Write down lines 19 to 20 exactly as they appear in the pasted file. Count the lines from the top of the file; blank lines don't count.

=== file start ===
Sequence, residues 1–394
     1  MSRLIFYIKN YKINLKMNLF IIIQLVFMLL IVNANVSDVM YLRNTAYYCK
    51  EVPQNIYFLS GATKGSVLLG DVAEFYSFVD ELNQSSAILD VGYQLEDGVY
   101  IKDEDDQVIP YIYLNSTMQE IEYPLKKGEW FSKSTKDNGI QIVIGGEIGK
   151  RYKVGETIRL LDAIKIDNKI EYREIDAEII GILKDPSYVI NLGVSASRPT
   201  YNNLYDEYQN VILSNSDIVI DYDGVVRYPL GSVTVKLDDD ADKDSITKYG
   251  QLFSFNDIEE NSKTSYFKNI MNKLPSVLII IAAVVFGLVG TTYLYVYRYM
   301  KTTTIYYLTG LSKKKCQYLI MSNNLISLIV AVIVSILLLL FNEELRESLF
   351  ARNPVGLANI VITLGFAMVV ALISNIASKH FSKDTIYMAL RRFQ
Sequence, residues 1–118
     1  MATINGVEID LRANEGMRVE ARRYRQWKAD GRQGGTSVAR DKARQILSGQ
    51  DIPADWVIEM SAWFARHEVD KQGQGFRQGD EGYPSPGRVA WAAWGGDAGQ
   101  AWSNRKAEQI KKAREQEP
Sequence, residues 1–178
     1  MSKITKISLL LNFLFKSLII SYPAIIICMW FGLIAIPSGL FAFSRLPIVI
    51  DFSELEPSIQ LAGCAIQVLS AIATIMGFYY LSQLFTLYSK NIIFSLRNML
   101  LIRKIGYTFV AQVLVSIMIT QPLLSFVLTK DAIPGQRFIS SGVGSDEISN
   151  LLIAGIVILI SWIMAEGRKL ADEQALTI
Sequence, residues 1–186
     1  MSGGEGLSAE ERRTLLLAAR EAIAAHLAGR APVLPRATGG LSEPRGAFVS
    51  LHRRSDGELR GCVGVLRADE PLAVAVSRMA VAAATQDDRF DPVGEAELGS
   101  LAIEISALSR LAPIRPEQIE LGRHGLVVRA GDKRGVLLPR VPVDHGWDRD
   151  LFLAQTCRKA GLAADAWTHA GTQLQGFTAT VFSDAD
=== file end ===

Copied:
Sequence, residues 1–186
     1  MSGGEGLSAE ERRTLLLAAR EAIAAHLAGR APVLPRATGG LSEPRGAFVS